Tag Archives: quick tip

21Mar/18

Quick Tip: PowerShell Supports Partial Parameter Names

Did you know that PowerShell supports the usage of partial parameter names? This isn’t such a big deal since tab completion is a thing… and if you’re writing code, you want to use the full parameter name to provide clarity and readability… but sometimes this is handy. Whether it’s for code golf, or just noodling around in the console, you don’t have to specify the full name of a parameter, just enough for it to be unique.

Here are some examples.

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07Feb/18

Quick Tip: Did the last command work or not?

In PowerShell, there is usually at least a few ways to do most tasks and detecting if the last command resulted in an error or if it worked is no exception. You could wrap code in a try/catch block, but sometimes that’s overkill. Regardless of your reason for wanting to get the work/borked status of the last command, here are a couple simple ways of doing it.

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07Dec/16

Quick Tip: Validate The Length Of An Integer

A little while ago, I fielded a question in the PowerShell Slack channel which was “How do I make sure a variable, which is an int, is of a certain length?”

Turns out it’s not too hard. You just need to use a little regex. Consider the following example.

$v6 is an int that is six digits long. $v2 is an int that is only two inches long. On lines three and four, we’re testing to see if each variables match the pattern ‘^\d{6}$’ which is regex speak for “start of the line, any digit, and six of them, end of the line”. The first one will be true, because it’s six digits, and the second one will be false. You could also use something like ‘^\d{4,6}$’ to validate that the int is between four and six digits long.

14Sep/16

Quick Tip: Allow A Null Value For An Object That Doesn’t Normally Allow It

In the PowerShell Slack channel (powershell.slack.com) a question came up along the lines of “I have a script that needs to pass a datetime object, but sometimes I’d like that datetime object to be null”. Never mind that maybe the script could be re-architected. Let’s solve this problem.

The issue is, if you try to assign a null value to a datetime object, you get an error.

The solution is super easy. Just make the thing nullable.

This will return no output. So when you’re declaring the variable that will hold your datetime object, just make sure you make it nullable.

Just for more proof this works as advertised, try this.

Cool!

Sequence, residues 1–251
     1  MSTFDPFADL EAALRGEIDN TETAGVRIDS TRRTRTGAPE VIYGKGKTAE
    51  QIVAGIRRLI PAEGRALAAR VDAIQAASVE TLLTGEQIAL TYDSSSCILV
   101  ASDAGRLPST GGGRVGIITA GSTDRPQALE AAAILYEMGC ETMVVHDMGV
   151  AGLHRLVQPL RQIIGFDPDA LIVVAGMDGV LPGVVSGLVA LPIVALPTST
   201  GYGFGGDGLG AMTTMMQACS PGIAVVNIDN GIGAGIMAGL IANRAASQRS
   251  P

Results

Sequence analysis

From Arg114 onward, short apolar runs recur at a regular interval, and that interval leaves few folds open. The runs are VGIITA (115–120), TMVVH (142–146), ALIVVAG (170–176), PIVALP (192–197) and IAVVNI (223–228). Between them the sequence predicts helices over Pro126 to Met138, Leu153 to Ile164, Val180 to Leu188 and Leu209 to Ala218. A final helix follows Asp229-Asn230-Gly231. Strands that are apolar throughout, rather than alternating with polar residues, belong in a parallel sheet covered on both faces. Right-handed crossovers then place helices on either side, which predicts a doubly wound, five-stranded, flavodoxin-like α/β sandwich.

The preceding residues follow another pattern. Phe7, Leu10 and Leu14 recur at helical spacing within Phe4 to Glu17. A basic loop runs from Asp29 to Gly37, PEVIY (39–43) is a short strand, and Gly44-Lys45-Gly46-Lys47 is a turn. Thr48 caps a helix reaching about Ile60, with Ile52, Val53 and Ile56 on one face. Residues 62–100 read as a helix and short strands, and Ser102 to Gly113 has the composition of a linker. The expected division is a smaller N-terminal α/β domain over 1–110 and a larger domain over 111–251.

09Mar/16

Quick Tip: Detecting Special Characters In A String The Easy Way

Here’s a super easy way to detect special characters in a string. Consider the following.

String1 has no special characters, String2 does. All I’m doing is comparing the string to “the string if we replace everything that isn’t a regular letter” using the -replace operator.

It’s just that easy.

You could do the same thing with the -match operator, too. The point here is looking at the regex.

30Sep/15

Quick Tip: Which Of These Groups Are These Users Members Of?

Here’s a quick PowerShell function I put together that you might like to use or pick pieces from. The point of the function is to take a list of usernames and a list of groups and tell you which users are members of which groups, including through nested group membership.

As you can see, this function requires the ActiveDirectory PowerShell module and the function is named Test-IsGroupMember. It takes two parameters called Usernames and Groups. Both are “object” types so they could be an array or a string. I didn’t want to make overloaded versions of a script this simple so I took this shortcut. It’s expected that the values in Usernames and Groups will be SamAccountNames.

On Line 15, I start the work. For all of the groups you pass the function, it determines the recursive group members and extracts the SamAccountName attribute of the members returned. Then to the output stream, we write that the currently evaluated group has a number of members. On Line 19, we check to see if any of the usernames in the Usernames parameter are contained within the members of the group. I could have used a Compare-Object here but I didn’t. If the user is present in both arrays, we report back.

Here are some examples of how I like using this function.

Pretty flexible.

16Sep/15

Quick Script Share: Tell Me Everyone With Access To This Directory

Trying something new. Here’s a quick script I threw together to satisfy a request along the lines of “tell me all the users who have access to this directory”. It’s easy to see all the groups that have access just by right-clicking a directory and going to the Security tab but it’s a pain to get all the users who belong to those groups – especially if there are nested groups (within nested groups, within nested groups). Hence, this script. In addition to the ActiveDirectory PowerShell module, you of course need to be able to read the ACL on the directory you are interested in so use your admin account.

In this experimental post, I’m not going to break down the script, but instead, I’ve quickly commented in-line most of the tricky bits. I think it’s pretty straight forward, but, I wrote it. Let me know what you think.